Moyosore Okeidji, Art History, May 95, Semioptics of Anamnesia: Yoruba Images in the Works of Jeff Donaldson, Howardena Pindell & Muneer Bahudden
Christopher Whann, Political Science, May 95, The revenue imperative and state management in Lesotho, South Africa.
MASTERS Aiah Lebbie, Conservation Biology and Sustainable Development, Potential of Sacred Groves for Biodiversity Conservation in Sierra Leone
Andrea Frohne, Art History, 94
Bruce Keyes, Land Resources, May 95
Marie Krger, African Languages & Literature, May 95, Female characters in contemporary Kenyan womens writing: Independent figures or subdued voices?
Shannen Hill, Art History, December 94, Minkisi Do Not Die: The survival of Kongo Cosmology in Modern Christian Zaire
Tonic Maruatona, CAVE, December 94
Donna McComas, Art History, December 94, Processual Aesthetics: Embroidered Textiles and the Itul Performance of the Bushong-Kumb
Mustapha Mirzeler, Anthropology, December 94
Students Present at ASA UW students who presented papers at the thirty-eighth annual meeting of Africaudies Association in November 19, in Orlando, Florida, are:
Niyi Afolabi, Spanish & Portuguese, as a representative of the African Studies Outreach, conducted the teachers workshop session Neglected Africans: Teaching Lusophone African Literature.
Linda J. Beck, Political Science, presented Mouridisme Moderne: The Changing Role of Religion and Politics in Senegal on the panel titled Contemporary Dynamics of Islam and Politics in Trans-Saharan Africa.
Laura Hammond, Anthropology, presented Refugee Repatriation and Economic Reintegration: The Case of Northwestern Ethiopia on the panel titled Forced Migration II: The Challenge of Reinteging Refugees.
Bruce Magnusson, Political Science, presented Economic Adjustment, Democracy, and Legitimacy: Lessons From Benin on the panel titled State and Societal Responses to Economic Crises in North and West Africa.
Robert C. Newton, African Languages & Literature, presented Epic Proportions: Jeliya in the Big Band Era on the panel titled Griots and Technology. Ellen Nyahwihwiri, Development Studies, presented Uganda and Foreign Donors: Progress Towards Democracy, or Strategically Positioned? on the panel titled Economic Reform and Democratization in Africa.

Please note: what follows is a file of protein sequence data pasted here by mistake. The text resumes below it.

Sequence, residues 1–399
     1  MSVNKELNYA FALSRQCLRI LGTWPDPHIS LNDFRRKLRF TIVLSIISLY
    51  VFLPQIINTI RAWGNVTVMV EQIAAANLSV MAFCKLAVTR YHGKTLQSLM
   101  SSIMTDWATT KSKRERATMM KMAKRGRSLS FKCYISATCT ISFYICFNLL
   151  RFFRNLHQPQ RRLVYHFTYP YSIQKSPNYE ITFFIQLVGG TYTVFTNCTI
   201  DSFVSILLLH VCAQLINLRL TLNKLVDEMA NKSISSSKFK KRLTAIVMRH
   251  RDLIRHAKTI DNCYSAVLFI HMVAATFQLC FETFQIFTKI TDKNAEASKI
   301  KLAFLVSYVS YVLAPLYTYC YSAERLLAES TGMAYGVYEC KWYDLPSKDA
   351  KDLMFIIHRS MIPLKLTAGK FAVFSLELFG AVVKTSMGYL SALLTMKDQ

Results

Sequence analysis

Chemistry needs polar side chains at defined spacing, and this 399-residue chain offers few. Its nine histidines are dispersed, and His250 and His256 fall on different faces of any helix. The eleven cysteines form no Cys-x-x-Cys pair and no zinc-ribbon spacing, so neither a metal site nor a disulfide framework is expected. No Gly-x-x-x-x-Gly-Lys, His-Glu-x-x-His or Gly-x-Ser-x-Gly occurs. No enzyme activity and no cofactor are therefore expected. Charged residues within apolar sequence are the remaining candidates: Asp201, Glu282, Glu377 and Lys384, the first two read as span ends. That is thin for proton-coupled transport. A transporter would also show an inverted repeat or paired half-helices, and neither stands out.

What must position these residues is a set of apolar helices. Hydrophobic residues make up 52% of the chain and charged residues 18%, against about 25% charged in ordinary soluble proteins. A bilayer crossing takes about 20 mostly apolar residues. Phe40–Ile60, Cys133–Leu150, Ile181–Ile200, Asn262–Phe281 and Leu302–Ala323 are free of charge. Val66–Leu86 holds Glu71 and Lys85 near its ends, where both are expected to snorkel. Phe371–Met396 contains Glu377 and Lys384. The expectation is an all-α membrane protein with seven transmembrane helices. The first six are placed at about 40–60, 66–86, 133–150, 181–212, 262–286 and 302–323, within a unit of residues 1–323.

John E. Peck, Land Resources, presented Indigenous Knowledge for Sustainable Development: A Case babwe on the panel titled Populaon Pressure and Changing Farming Practices.
Patrick Royer, Sociology, presented Religious Belief and the Competitive Spirit: The Wak in Burkina Faso on the panel titled Ritual Politics: Power, Representation, and the Negotiation of Meaning.
Joy L. Wrolson, African Languages & Literature, presented Zimbabwean Community Theater: Text and Subtext on the panel titled National Contexts, Social Institutions, and the Construction o1995-96 Study Abroad Programs The opportunities for learning in Africa continue to be available to our students, as well as to students from other colleges and universities. The African Studies staff and faculty send their sincere encouragement, to learn from every corner of their African experience, to the following students: American University, Cairo, Egypt: Mandy S. Chan, Daniel C. Rabe, Christopher M. Reichert, UW-Madison
Mohammed V University, Rabat, Morocco: Summer 95: Rebecca S. Briggs, University of Pittsburgh; Jonathan W. Pillow, University of Arizona; Matthew O. Schrenk, UW-Madison; Leslie A. Thornton, University of Scranton
Universit de Saint Louis, Senegal: Esther Baker, Bowdoin College, Catherine Noer, Bates College, Katie Hall, Centenary College, Audrey Jantzen, Jennifer Ruben, Katie Marac, UW-Madison.